Jim and his crew needing to survive in a ship that only has a limited supply of oxygen is a truly engaging story. They are forced into action that actually builds character because of the urgency of their situation. They are all reacting to the horrible disaster that has just happened on the Canterbury. They are all angry and upset that all of their friends have just been killed. They don't know why that unknown ship fired. They can't even reasonably go after it in order to get answers. They have much bigger technical problems just in order to survive themselves. They can't afford to react passionately. They need to think practically because their ship has been damaged as well. They need to fix those problems. They can't just go off into space because they would then die as well. So, the killers escape and there's nothing Jim and his crew can do about it. The need to fix the ship is a precarious situation. One with actual life and death stakes. It's a tone that the show really does a great job in executing. It's engaging to watch and is actually compelling in the moment. The characters are still being developed. Jim is still the only one with immense value but the others have their moments as well - such as the doctor risking his own life to save another and the woman thinking much more rationally than her male counterparts. They are successful in getting their radio strong enough to send their own distress signal. However, it just signals more doom for them for the immediate future.

The space vessel that responds is the head ship in the Mars space fleet. That's dangerous because Jim and his crew have been led to believe that Mars is the only civilization that could have developed such stealth technology. Mars is a part of this universe that has not been seen yet. It is largely shrouded in mystery. That makes them compelling and nefarious figures right away. Even though Jim and his crew have been rescued, they walk immediately into more danger. Jim thought he was doing the right thing in sending out a message declaring Mars responsible for the destruction of the Canterbury. But all that reasonably does is make them prisoners aboard the Mars ship. It won't be an easy predicament for this crew to get out of. And that's what makes it compelling. Sure, Jim acted in the moment and didn't consult with the rest of his crew before sending out that message which then doomed their fates. That action will have consequences that should be intriguing to see play out as the Mars element of the story comes into larger focus next week.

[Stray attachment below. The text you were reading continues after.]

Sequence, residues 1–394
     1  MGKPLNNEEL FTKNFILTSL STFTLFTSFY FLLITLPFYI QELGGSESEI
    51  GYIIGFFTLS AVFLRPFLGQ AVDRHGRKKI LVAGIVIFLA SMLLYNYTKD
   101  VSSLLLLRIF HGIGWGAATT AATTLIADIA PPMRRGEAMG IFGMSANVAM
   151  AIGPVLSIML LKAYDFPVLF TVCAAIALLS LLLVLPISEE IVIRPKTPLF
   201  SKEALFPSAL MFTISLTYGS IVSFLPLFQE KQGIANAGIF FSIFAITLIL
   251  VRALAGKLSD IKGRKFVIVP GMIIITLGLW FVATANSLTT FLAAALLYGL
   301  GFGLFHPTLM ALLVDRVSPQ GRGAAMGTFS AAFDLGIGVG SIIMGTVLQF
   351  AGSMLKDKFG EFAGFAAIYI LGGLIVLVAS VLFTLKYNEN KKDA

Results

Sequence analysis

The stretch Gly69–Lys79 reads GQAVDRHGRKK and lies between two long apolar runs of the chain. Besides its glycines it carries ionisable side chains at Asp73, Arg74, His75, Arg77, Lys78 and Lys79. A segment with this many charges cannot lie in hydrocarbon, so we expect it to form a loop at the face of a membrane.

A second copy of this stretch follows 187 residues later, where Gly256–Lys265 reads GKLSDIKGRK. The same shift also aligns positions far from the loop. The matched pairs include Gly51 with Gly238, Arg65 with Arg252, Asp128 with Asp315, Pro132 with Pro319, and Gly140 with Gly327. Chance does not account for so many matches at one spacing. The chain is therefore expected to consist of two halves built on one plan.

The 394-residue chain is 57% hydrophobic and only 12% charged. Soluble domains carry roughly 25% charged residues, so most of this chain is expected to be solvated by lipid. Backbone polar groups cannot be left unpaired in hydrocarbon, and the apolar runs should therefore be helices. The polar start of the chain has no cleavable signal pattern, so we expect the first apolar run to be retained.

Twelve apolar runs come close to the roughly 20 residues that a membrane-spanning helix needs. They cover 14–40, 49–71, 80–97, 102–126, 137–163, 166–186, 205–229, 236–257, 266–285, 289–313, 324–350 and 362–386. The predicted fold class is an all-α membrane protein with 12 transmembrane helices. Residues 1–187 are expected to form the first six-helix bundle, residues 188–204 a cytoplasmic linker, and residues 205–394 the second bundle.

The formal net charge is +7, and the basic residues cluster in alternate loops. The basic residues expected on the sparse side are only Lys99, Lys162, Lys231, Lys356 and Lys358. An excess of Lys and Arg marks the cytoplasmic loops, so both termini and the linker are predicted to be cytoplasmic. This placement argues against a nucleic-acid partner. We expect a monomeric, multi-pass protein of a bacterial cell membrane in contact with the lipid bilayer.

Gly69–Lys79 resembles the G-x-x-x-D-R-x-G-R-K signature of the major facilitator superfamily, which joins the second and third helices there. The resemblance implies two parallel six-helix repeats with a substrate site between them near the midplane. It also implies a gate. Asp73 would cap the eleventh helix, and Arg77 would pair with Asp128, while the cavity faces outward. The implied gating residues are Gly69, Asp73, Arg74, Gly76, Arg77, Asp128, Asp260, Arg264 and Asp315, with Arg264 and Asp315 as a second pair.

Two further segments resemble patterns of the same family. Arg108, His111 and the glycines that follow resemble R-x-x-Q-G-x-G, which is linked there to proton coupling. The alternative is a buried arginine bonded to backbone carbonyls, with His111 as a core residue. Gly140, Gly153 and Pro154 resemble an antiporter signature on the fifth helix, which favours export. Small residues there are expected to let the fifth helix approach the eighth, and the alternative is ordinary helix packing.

Some more thoughts:
  • "The Big Empty" was written by Mark Fergus & Hawk Ostby and directed by Terry McDonough.
  • It's amusing that Miller is upset that he can't finish his shower because of the need to ration water and then he continually gets drenched throughout the remainder of the hour - sometimes on his own free will and sometimes by accident on the job.
  • Gravity being used as a weapon by both sides is an intriguing argument for the state of society. People have to adjust their handling of people from space simply because of this massive change on their bodies.
  • Two people on Jim's crew are apparently an item. Jim uncovers that information as the guy is trying to determine whether or not Jim should live considering the amount of trouble he has gotten them into. It's not that great but it doesn't distract too much from the overall story.
  • That Mars ship is massive compared to the vessel Jim and his crew are on. Plus, the sight of all of them being held at gunpoint was a fantastic final image.